top of page


Bishop Phonsie Cullinan

There is a lot of talk about the state of the world’s physical climates at the moment. But there is another type of climate change which is much more acute and damaging. In a phrase of the former Chief Rabbi of Britain- Jonathan Sachs – it is ‘cultural climate change’.

Pope Francis said seven years ago that we are living not so much in an era of change as in a change of era. I think that this is becoming more and more obvious. Our society is more secular. God and religion are generally pushed to the margins. The sanctity of marriage and the family are breaking down.  College education is generally oriented to the market rather than personal development and flourishing. Morality is a purely personal matter or something agreed by the majority. Life concerns only this earthly existence, nothing of the transcendent. All of this is happening around us at great human cost, with huge confusion, loneliness, lack of meaning and often despair.

Rabbi Sachs says that essentially religion has three possible ways of dealing with this cultural climate change. One is to attempt to conquer society. This is what radical Islam tries to do and is doing in some places. Another is to withdraw from society and form sheltered groups to withstand the cultural whirlwind. This need not be a negative thing as such groups may be intentionally open and welcoming and willing to engage with contemporary ideas. The third is to attempt to re-inspire society. To bring hope back. While we may be frightened by breakdown and darkness around us we also see the great beauty of human life and the continuing possibility of redemption. Such an approach seeks to respectfully and completely maintain its principles while fully engaging with society and not withdrawing from it.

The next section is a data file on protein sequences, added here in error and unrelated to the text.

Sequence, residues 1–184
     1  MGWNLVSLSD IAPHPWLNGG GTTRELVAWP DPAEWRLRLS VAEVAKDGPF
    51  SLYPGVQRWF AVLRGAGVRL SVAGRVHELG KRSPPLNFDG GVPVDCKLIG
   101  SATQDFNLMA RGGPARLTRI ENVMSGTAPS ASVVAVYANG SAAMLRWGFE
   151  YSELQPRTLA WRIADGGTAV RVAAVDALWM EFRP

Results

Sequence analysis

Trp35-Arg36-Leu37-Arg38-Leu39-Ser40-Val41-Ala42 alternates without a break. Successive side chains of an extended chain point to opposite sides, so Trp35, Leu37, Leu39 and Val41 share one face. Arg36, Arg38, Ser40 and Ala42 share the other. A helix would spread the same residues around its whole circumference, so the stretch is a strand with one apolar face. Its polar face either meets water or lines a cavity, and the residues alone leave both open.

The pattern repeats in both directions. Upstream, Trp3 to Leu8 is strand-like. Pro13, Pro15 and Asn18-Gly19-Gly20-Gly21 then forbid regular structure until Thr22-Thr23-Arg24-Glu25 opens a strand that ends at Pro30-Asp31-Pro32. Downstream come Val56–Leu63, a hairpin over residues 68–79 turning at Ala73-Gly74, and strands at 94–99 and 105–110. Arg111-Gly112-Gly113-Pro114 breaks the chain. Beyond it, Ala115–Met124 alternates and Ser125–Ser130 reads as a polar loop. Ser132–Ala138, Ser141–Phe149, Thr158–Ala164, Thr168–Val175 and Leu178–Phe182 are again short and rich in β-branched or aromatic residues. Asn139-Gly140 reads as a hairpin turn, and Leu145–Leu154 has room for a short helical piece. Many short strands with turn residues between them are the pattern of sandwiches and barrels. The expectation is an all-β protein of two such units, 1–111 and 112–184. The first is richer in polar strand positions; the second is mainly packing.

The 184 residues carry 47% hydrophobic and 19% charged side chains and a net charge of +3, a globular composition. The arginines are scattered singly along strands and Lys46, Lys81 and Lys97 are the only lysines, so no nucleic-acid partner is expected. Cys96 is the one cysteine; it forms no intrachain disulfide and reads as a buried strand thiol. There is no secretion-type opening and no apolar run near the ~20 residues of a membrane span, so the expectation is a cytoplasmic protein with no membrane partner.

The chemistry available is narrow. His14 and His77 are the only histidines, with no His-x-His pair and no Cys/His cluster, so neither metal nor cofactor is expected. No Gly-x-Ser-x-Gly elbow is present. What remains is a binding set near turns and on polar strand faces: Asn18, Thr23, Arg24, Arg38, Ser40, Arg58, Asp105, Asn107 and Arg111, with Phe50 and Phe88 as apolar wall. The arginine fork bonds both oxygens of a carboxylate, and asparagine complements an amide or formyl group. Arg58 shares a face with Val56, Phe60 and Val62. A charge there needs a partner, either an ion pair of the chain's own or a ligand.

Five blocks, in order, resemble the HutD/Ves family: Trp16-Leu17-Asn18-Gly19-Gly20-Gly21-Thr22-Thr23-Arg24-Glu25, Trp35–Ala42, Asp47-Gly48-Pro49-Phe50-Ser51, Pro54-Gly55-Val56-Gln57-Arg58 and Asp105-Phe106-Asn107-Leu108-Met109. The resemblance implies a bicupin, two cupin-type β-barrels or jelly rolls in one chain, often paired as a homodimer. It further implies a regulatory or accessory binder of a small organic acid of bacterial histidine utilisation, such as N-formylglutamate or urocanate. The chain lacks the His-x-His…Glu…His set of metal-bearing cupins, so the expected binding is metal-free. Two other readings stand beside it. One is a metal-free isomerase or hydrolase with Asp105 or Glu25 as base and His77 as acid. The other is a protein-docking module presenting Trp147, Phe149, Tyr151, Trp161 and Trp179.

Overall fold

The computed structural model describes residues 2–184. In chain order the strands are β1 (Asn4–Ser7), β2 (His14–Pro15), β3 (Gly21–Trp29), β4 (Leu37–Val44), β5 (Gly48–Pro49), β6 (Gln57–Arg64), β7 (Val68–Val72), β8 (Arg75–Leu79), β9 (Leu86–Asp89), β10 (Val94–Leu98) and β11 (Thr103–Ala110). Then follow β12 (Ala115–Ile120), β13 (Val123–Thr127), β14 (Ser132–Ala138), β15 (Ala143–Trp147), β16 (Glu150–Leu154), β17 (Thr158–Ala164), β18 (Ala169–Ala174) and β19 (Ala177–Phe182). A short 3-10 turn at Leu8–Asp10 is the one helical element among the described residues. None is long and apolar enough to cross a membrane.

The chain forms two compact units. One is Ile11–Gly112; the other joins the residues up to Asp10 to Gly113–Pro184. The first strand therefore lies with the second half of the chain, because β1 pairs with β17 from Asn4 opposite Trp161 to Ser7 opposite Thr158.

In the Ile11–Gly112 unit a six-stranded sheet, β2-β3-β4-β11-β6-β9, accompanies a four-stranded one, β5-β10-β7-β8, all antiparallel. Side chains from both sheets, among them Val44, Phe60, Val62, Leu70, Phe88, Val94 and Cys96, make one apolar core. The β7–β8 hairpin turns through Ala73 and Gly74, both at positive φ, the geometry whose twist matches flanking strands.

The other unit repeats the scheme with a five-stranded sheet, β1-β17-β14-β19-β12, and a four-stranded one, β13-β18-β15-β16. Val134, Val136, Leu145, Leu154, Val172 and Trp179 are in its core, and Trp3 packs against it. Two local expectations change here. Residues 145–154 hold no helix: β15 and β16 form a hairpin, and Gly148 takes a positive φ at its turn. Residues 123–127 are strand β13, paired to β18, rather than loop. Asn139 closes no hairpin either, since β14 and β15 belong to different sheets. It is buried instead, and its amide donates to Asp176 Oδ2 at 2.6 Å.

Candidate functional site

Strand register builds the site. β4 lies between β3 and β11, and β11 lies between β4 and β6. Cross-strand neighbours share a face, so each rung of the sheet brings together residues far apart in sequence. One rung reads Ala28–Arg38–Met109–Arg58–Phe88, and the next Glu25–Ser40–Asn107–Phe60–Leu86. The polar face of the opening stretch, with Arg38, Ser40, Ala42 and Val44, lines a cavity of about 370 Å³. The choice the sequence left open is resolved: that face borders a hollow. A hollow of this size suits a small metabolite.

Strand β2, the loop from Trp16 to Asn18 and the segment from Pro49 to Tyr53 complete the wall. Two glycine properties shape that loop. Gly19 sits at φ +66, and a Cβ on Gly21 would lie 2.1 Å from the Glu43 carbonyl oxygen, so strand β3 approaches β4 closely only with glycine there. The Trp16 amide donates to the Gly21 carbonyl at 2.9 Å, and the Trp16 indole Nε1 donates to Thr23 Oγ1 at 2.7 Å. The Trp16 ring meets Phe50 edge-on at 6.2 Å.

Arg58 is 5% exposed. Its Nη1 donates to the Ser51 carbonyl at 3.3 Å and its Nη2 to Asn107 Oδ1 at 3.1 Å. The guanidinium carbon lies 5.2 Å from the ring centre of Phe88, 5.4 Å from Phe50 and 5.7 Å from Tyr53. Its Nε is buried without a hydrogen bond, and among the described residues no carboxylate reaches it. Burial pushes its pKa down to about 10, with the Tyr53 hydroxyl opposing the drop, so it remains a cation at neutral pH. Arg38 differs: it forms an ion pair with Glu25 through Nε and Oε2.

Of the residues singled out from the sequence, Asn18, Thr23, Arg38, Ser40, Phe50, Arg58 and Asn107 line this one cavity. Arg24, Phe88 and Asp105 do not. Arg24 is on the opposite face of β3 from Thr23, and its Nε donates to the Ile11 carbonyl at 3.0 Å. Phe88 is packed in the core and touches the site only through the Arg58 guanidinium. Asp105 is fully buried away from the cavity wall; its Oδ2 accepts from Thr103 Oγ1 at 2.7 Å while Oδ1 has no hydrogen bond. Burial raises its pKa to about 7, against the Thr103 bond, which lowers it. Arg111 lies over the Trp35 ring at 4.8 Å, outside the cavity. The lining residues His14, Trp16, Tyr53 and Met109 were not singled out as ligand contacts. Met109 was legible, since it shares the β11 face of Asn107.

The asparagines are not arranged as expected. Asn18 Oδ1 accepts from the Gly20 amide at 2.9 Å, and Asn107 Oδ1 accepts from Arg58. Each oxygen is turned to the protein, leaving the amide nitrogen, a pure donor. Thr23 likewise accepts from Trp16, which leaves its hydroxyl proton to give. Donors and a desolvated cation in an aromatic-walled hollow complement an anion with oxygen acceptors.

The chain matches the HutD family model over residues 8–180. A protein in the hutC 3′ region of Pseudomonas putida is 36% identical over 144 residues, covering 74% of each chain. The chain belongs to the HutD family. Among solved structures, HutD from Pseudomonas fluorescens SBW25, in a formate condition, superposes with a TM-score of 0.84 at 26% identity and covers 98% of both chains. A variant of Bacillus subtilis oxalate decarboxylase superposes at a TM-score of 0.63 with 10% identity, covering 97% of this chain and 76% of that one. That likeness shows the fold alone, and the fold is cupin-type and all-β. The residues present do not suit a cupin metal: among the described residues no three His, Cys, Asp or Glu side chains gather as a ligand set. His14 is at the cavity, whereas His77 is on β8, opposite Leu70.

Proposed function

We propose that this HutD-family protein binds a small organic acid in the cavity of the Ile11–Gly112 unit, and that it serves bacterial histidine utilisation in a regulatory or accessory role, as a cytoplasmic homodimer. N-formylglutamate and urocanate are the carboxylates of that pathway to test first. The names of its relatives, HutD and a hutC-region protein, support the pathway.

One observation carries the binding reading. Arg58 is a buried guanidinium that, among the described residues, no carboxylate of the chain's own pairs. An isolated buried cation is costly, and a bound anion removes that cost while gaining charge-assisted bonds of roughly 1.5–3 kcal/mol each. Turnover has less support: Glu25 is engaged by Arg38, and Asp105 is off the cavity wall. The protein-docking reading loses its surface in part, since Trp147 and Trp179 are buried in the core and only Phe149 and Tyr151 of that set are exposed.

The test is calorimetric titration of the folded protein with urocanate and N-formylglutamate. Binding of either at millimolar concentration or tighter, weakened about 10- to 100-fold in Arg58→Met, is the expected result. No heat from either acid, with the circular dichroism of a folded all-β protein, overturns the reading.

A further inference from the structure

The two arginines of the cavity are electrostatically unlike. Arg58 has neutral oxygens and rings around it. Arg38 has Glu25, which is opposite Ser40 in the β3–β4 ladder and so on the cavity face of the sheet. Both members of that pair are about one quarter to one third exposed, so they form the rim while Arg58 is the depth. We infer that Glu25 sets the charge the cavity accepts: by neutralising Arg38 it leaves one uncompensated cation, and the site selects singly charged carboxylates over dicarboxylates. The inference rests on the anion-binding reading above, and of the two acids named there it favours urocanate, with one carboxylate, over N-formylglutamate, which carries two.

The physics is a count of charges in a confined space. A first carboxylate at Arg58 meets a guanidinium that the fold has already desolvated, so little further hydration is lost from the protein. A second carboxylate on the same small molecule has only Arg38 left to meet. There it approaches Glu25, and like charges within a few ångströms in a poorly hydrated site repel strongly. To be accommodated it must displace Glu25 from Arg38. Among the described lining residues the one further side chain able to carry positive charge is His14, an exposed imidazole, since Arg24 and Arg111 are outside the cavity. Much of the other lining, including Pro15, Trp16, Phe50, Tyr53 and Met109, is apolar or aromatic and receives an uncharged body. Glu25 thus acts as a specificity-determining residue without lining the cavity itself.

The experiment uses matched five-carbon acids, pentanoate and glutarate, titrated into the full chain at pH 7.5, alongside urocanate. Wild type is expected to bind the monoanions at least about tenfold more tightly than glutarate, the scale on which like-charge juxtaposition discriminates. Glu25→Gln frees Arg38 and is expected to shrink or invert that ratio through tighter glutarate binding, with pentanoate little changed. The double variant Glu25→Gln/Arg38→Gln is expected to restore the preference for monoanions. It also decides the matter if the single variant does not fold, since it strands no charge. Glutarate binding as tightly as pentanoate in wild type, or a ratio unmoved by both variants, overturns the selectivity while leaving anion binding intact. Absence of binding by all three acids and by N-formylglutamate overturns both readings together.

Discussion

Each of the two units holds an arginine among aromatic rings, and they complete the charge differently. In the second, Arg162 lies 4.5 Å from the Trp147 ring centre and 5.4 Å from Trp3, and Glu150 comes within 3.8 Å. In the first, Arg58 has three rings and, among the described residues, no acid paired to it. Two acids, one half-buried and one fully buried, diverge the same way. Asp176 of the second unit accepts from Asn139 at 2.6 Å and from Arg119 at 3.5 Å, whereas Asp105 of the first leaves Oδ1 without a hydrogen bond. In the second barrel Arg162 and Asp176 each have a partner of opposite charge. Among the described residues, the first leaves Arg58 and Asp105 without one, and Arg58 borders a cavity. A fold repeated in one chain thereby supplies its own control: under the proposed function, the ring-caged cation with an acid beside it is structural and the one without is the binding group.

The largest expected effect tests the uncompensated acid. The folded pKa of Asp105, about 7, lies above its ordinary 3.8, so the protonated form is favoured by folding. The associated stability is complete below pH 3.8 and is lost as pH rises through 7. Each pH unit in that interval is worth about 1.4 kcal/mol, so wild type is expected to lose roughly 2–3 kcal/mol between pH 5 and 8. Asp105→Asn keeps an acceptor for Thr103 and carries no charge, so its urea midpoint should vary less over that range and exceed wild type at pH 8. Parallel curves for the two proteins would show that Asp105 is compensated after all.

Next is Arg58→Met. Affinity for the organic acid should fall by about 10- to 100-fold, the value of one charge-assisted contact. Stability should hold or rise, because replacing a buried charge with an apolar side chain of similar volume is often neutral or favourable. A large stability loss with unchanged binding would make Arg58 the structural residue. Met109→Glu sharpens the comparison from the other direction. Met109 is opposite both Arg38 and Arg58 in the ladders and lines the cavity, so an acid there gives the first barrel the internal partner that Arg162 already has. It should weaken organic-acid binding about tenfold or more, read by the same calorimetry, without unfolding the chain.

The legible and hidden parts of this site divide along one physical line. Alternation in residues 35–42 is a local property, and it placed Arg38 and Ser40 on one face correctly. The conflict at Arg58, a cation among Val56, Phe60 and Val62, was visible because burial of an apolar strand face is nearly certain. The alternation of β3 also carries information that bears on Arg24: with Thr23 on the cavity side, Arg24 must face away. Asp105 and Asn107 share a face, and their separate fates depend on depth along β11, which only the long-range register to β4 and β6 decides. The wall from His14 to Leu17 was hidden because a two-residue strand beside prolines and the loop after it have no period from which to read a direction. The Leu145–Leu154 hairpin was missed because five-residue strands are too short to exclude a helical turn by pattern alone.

This year Valentine’s Day fell on Ash Wednesday (or the other way round). What an awkward day! Imagine turning up to a Valentine’s party with ashes on one’s forehead! Or perhaps wiping off the ashes before you got there! Or forgetting about the ashes altogether. But the two days are entirely compatible. Love if it is true love will always entail suffering. To be signed with ashes is to be reminded that we will suffer and die. To be signed with the Cross signifies we have a Saviour. We are not left to our own devices. In all the chaos of cultural climate change there is a central point which is a person who feels human pain and suffering, who died and rose again, who never changes because He is True Love which will never give up or waiver or decay. This is the message which can re-inspire a weary world.


bottom of page